Movie Review: The Heat

Published Monday, July 1, 2013 at 10:00 am

by Bob Garver

July 1, 2013. Normally when I start off a review talking about a trailer, it’s to say how much better the trailer was than the movie. “Why couldn’t such and such have been as exciting as it looked in the trailer?” I’ll ask. I think my review of 2010’s “Machete” was that thought stretched out to 600 words. But with “The Heat”, it’s a different story because I’ve come to loathe the trailer.

For the past six months, I have been subjected to one of the peskiest trailers of my lifetime. I’m not sure how many times I’ve seen it, but it’s surely a double-digit number. I’ve seen it enough times to have it memorized, which means I know exactly where a lot of the jokes are going and I don’t find them funny anymore. I don’t think I liked them in the first place, but the frequency of the annoying trailer has needlessly turned me against the film before I’ve even bought a ticket. And by the way, I know that most readers do not go to the movies every week, but the trailer has been attached to so many films that even people who only go once in a while can say that they’ve had it shoved down their throats. 

The film is a formulaic buddy-cop movie with a professional, straight-laced FBI agent (Sandra Bullock) reluctantly teaming up with a sloppy Boston beat cop (Melissa McCarthy) to take down a drug lord. They don’t like each other, which they attribute to the detestable qualities in the other, though it really has more to do with both of them having poor social skills.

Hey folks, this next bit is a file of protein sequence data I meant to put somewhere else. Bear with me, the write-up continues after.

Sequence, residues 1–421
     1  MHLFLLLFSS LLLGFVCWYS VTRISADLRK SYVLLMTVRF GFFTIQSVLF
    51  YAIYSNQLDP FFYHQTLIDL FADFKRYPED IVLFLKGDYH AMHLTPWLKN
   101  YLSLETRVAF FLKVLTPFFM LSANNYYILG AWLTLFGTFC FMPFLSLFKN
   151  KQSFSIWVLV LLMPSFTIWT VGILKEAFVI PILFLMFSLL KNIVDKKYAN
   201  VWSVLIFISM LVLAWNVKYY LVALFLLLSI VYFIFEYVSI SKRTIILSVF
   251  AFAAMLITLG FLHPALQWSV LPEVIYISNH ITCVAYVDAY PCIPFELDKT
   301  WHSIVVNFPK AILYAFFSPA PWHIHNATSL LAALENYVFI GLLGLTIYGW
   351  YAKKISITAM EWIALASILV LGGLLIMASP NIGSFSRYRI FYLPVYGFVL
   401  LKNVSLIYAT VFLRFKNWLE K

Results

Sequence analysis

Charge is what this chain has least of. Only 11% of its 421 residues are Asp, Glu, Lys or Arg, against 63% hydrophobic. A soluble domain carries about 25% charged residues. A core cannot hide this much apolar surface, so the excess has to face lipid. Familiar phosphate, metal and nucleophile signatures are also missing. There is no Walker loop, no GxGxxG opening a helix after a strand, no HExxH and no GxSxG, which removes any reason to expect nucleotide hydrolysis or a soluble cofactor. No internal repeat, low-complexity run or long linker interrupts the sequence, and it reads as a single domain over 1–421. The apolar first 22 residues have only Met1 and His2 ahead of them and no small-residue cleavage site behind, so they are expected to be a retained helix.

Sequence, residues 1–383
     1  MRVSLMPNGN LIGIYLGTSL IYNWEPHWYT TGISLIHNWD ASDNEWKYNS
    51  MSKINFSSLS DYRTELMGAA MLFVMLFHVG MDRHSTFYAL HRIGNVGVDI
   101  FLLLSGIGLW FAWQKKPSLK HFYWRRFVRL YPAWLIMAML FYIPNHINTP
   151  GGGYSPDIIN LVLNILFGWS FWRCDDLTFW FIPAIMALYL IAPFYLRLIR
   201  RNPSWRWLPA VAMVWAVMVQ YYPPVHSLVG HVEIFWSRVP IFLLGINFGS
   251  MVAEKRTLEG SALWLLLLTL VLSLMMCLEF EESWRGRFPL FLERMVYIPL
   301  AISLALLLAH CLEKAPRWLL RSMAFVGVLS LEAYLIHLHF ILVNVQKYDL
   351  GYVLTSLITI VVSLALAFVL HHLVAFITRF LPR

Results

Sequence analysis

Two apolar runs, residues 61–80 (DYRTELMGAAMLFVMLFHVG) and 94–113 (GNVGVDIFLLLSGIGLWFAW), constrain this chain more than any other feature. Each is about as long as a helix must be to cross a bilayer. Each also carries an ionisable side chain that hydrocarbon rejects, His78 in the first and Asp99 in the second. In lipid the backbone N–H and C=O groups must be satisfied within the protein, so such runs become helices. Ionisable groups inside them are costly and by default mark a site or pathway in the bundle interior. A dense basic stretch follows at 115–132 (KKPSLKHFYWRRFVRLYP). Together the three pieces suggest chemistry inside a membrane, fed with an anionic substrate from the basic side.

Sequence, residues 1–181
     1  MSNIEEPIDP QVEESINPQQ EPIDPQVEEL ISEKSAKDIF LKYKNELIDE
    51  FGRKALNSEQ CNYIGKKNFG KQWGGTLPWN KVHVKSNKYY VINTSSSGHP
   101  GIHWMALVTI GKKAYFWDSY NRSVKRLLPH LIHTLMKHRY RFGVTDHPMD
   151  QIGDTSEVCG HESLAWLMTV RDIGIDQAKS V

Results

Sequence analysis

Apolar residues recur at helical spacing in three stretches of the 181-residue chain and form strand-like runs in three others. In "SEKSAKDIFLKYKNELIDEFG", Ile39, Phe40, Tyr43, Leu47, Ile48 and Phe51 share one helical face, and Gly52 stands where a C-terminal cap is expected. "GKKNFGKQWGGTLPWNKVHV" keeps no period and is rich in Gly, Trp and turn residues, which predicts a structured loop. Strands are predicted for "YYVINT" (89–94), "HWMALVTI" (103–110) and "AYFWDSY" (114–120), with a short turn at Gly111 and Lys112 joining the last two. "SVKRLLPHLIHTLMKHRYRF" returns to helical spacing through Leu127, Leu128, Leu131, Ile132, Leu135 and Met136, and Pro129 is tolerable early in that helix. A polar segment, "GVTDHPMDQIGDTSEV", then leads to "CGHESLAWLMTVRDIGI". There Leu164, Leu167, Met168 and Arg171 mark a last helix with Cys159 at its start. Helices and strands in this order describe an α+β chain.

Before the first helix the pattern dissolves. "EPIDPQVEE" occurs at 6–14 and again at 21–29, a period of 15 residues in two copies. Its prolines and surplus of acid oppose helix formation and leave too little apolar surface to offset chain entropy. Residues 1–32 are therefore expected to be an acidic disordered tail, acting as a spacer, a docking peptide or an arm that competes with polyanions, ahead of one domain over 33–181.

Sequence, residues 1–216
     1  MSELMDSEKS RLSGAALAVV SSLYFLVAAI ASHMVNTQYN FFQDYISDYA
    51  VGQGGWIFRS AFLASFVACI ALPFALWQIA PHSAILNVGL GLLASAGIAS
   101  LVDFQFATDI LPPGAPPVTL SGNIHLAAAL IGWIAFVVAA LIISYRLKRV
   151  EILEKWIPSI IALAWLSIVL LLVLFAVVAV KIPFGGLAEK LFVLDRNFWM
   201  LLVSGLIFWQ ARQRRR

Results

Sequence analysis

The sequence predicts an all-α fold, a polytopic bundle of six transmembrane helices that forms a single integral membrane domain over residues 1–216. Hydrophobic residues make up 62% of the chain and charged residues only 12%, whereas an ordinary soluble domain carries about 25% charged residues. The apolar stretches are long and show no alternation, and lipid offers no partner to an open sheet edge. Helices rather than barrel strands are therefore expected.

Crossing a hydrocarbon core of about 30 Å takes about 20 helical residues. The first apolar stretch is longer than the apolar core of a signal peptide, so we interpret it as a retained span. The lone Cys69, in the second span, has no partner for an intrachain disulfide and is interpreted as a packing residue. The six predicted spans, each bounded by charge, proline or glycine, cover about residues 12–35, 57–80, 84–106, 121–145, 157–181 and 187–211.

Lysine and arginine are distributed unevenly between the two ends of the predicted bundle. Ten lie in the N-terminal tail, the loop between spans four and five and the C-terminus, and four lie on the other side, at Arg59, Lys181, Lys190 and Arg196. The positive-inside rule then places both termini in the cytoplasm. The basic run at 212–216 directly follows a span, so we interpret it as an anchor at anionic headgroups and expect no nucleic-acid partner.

Supposedly the Bullock character is good at solving cases and McCarthy is better at talking tough and fighting. We imagine that they can learn a lot from each other. But the lessons are lopsided; McCarthy schools Bullock at every turn. Far too many scenes see Bullock insist she can do something and fail, followed by McCarthy butting in, doing things her way, and getting results. I know the idea is that Bullock needs a lesson in humility, but it gets to the point where the premise of her being a competent agent becomes hard to accept.

The film’s humor is largely thrown to McCarthy, whose performance consists of constant swearing and other vulgarities. She gets in a few good lines – which is why I’m giving the film a star and a half instead of just one- but a little of her goes a long way. “Bridesmaids,” (whose director, Paul Feig, also directed this film) had the good sense to make her one of a group of six instead of insisting she basically carry the film.

The action in “The Heat” is about what you’d expect from a generic action comedy. The humor is usually crude and mostly ineffective, not to mention that much of it has been spoiled by the trailer. Speaking of the trailer, now that the movie has opened I guess I won’t be seeing it run before first-run movies anymore. That thought in my head is even more of a relief than the end of the movie in the theater. 

One and a half stars out of five. 

NOTE: I also saw the hostage thriller “White House Down” this past weekend, but it didn’t do well enough to warrant its own review. I actually liked it; it was dumb but a lot of fun-one of the better “Die Hard” knockoffs I’ve seen in a while. Two and a half stars out of five.

“The Heat” is rated R for pervasive language, strong crude content and some violence. Its running time is 117 minutes. 

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